detecting JS language mode for tools

David Sheets kosmo.zb at gmail.com
Sat Jan 25 06:34:11 PST 2014


On Sat, Jan 25, 2014 at 2:33 AM, Brendan Eich <brendan at mozilla.com> wrote:
> John Barton wrote:
>
>> On Fri, Jan 24, 2014 at 12:17 PM, Allen Wirfs-Brock <allen at wirfs-brock.com
>> <mailto:allen at wirfs-brock.com>> wrote:
>>
>>     I should have also included:
>>
>>     2A) Hopefully, overtime, the old script syntactic goal will fade
>>     from use, and the module goal will become the norm for new code.
>>
>>
>> Now here is a reason, finally, for all the extra complexity the two goals
>> cause.
>>
>> If we want to kill script, let's not stab it with a dull pencil. Let's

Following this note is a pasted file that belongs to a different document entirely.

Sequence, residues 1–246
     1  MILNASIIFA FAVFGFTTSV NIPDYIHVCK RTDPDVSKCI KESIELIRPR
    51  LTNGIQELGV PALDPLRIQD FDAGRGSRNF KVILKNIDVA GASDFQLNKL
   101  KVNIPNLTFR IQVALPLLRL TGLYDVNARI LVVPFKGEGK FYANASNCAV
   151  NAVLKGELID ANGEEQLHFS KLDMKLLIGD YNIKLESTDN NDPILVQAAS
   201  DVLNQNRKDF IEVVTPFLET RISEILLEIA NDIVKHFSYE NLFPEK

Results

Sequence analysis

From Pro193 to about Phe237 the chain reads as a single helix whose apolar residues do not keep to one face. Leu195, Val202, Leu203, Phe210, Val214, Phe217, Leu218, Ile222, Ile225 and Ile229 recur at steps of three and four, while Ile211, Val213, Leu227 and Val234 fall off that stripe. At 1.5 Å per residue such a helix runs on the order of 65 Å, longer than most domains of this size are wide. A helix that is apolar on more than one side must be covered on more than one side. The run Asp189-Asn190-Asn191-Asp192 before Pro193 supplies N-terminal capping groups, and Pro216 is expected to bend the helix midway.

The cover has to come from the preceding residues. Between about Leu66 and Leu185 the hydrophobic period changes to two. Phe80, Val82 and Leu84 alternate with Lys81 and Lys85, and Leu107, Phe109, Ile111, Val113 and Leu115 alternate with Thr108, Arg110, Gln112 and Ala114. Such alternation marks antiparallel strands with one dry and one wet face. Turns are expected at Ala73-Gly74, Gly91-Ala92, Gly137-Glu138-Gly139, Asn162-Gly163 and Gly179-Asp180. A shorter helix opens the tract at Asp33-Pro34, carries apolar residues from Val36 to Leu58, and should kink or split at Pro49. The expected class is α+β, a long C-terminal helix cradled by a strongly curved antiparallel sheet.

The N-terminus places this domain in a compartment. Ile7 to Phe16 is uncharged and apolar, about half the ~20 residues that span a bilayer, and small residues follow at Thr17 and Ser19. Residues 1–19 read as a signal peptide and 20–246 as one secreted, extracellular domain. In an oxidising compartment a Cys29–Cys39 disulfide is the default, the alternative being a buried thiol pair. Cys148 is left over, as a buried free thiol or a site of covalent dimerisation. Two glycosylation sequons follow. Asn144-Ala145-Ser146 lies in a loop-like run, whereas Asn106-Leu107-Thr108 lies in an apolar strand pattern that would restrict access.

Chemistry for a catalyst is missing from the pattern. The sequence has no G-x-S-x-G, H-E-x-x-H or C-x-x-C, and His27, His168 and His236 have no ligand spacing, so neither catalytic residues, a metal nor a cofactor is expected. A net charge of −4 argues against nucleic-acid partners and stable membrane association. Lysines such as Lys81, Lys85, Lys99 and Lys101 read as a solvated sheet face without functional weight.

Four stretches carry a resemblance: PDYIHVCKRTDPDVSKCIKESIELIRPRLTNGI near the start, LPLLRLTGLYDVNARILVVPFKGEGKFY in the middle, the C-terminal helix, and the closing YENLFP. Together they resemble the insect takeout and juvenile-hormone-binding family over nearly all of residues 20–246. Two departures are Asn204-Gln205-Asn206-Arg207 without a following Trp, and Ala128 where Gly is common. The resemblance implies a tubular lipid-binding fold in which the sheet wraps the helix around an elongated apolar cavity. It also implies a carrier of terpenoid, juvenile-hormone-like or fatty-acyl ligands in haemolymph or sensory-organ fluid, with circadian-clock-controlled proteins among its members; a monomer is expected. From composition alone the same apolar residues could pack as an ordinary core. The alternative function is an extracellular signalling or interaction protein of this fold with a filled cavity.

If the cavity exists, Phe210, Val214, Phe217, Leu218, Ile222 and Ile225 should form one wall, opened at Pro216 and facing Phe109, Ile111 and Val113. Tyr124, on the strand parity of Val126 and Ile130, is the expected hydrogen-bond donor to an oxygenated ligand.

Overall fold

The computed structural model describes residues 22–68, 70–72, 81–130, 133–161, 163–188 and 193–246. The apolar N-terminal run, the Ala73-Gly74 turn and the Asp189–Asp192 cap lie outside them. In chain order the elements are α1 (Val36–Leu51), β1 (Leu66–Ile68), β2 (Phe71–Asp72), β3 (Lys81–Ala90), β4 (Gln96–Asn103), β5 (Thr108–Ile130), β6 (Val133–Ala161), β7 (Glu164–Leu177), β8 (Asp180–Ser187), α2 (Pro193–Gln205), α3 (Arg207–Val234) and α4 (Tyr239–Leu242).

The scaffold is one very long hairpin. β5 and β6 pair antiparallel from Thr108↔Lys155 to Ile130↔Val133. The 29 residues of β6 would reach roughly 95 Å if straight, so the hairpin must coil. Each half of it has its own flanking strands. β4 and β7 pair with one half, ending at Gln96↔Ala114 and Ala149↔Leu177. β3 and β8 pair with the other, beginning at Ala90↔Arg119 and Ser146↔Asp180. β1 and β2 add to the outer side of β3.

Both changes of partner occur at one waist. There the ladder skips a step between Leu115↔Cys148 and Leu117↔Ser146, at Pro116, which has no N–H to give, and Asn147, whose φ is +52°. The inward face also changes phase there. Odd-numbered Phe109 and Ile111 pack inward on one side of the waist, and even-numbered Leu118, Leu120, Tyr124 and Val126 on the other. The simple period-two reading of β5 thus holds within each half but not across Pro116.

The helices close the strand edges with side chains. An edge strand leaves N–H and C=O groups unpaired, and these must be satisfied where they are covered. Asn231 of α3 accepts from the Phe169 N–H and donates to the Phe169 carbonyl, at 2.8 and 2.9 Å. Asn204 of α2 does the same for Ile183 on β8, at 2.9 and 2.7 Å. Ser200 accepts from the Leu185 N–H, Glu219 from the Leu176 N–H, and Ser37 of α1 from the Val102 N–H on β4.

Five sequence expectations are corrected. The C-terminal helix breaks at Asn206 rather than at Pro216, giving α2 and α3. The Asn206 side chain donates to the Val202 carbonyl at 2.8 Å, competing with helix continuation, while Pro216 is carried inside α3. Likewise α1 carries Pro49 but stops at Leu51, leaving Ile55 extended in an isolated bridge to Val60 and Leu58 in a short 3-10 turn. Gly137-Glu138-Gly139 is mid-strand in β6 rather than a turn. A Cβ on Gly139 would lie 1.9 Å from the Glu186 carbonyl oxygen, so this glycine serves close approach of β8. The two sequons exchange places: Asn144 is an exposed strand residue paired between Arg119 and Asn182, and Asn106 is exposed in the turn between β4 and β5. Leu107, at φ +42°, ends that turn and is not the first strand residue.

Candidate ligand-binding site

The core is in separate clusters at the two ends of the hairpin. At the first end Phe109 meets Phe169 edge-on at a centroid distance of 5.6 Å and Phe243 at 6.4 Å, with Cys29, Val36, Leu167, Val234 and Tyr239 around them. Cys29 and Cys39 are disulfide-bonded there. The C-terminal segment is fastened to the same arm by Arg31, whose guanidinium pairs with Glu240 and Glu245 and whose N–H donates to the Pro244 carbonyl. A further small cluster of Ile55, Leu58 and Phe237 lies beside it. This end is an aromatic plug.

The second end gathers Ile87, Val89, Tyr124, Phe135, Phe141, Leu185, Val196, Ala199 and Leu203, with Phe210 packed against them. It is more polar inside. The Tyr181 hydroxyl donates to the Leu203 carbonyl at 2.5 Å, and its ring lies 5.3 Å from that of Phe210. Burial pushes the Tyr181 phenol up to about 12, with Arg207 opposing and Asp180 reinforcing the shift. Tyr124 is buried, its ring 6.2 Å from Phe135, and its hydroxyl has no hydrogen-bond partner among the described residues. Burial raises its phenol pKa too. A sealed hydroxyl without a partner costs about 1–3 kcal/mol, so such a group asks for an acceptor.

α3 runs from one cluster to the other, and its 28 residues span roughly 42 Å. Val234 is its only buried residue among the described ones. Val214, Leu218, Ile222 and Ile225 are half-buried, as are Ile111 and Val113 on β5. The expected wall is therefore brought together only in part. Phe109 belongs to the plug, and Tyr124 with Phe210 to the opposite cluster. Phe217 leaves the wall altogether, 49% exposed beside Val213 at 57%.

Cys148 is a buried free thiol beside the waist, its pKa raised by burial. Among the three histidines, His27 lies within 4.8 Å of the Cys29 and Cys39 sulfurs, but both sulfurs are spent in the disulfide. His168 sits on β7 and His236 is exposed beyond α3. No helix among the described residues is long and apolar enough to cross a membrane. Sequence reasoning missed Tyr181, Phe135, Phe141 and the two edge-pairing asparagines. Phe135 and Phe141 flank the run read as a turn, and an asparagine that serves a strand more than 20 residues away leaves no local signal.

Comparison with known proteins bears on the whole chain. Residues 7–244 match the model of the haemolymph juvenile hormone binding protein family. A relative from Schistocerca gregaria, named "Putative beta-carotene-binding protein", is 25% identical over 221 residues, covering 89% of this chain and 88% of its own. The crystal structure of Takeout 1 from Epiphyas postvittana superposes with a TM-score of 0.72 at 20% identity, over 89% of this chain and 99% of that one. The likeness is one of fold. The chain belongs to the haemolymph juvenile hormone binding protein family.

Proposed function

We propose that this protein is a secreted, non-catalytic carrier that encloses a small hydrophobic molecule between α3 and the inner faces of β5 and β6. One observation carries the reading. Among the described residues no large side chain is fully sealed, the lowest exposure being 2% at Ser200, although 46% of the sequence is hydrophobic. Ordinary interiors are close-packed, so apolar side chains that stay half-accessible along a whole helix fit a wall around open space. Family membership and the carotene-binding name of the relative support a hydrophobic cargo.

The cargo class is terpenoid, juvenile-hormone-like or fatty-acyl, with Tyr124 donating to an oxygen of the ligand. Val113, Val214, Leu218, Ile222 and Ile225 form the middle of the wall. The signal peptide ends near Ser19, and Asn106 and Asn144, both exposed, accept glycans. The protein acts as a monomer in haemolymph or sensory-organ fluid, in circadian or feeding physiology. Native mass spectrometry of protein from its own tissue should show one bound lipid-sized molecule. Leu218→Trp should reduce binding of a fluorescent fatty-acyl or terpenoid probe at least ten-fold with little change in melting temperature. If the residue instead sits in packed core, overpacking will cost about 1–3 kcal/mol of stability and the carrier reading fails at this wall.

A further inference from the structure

>> make Loader and System be modules, not globals. Then you cannot load modules
>> with <script>, only with <module>.
>
>
> We are not killing <script>> Dream on!
>
> Introducing a new HTML element with implicit CDATA content model will
> require the old
>
> <module>
> <!-- hide script here
> if (a < b) { console.log("<\/script> haha"); }
> -->
> </module>
>
> hacks. This won't do anything (even render the HTML-commented-out fallback
> content) in old browsers, which will make it hard to work in both new and
> old.
>
> Using <script> with a new attribute has several advantages, in contrast:
>
> 1. No need for the return of the HTML comment-hiding hack I invented in
> Netscape 2 to avoid inline script content showing as fallback in
> pre-Netscape-2 browsers.
>
> 2. Old browsers ignore the new attribute will process the content, which
> could be written to work "both ways".

Is a new attribute necessary? What about using @type?

Thanks,

David

> But mainly: no way to kill script. Amending above words: do not dream on,
> wake up!
>
> /be
>
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